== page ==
Payers, Hospitals Rejoice As Biden Signs Full Health Bill Into Law

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On Tuesday, President Joe Biden signed into law a $740 billion bill that would enact some of the biggest changes to U.S. healthcare since the Affordable Care Act was passed more than a decade ago.

With the Inflation Reduction Act, Medicare will begin negotiating drug prices starting in 2026, limit Medicare Part D copayments, limit insulin copayments for Medicare beneficiaries to $35 a month, and reduce ACA health insurance plan copayments. Subsidies can be extended to low amounts. Income beneficiaries for another 3 years.

Patient advocacy groups have welcomed the new law, and Frederick Isasi, executive director of Families USA, has called it a David and Goliath moment for governments to take on the big challenge. Amid persistently high inflation, pharma companies ‘couldn’t have been a better time’ for patients.

Payers and hospital groups are also pleased with the continuation of enhanced ACA subsidies. This will increase financial assistance to those already eligible, as well as expand subsidies to middle-income earners who may have previously been priced outside coverage.

This subsidy should save approximately 13 million people $800 a year on health insurance, reduce payer roll surrenders in the ACA market, and provide more stable earnings for insurers over the next few years. Meanwhile, the hospital could benefit from more patients remaining on his ACA plan, which tends to be reimbursed at higher levels than other publicly sponsored coverage like Medicaid.

“In short, we are delighted that this bill has passed,” said Margaret Murray, CEO of the Association for Community Affiliated Plans, which represents more than 70 public plans, in a statement.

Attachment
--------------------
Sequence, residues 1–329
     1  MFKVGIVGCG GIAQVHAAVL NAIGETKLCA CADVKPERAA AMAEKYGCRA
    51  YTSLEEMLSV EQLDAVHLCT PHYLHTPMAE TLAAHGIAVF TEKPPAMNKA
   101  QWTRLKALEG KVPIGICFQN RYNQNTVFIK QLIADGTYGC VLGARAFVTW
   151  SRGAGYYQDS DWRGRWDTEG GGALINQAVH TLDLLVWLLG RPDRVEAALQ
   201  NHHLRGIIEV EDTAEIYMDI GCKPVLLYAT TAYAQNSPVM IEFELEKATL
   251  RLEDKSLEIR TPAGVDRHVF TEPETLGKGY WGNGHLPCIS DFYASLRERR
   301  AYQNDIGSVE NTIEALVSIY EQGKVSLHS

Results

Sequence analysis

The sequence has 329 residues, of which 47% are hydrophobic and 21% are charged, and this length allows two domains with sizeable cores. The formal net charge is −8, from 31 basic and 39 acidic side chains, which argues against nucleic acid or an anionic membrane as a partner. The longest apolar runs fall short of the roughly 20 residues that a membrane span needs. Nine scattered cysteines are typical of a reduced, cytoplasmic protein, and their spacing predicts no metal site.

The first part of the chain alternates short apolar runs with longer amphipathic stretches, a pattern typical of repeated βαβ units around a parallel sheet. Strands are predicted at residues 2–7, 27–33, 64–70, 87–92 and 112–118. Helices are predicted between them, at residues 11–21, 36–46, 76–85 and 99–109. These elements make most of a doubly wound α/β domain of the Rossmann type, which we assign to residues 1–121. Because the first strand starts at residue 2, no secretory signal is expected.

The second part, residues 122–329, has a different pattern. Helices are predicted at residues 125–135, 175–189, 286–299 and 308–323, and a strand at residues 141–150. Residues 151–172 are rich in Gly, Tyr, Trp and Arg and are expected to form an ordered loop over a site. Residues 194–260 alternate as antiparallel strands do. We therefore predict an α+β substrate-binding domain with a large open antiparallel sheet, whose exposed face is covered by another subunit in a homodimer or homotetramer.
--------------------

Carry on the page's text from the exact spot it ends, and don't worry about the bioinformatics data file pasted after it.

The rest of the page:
However, hospital groups are seeking additional financial aid from the government, citing labor shortages, rising labor costs and supply chain problems, indicating that this year’s industry lobbying is far from over.

Bruce Seigel, CEO of America’s Essential Hospitals, said: “I urge Congress to provide more funding to overcome these challenges.”

A major for-profit hospital operator reported lower second-quarter net income as patient admissions declined year-over-year and patient care costs rose.

Amid macro headwinds, the 2% Medicare quarantine cut that was suspended due to the COVID-19 pandemic took effect last month, with another 4% set to start at the end of the year unless Congress moves to delay it It is scheduled to be Providers are also asking the government that proposed payment rules for 2023 be too low to work in today’s tricky operating environment.

The IRA seemed dead in the Senate until late last month when Democrats announced a surprise deal with Sen. Joe Manchin (DW.Va.) to finally pass the bill.

It passed the Senate on August 7, 51-50, with Vice President Kamala Harris casting the tie-breaking vote, and the House of Representatives on August 12, 220-207.

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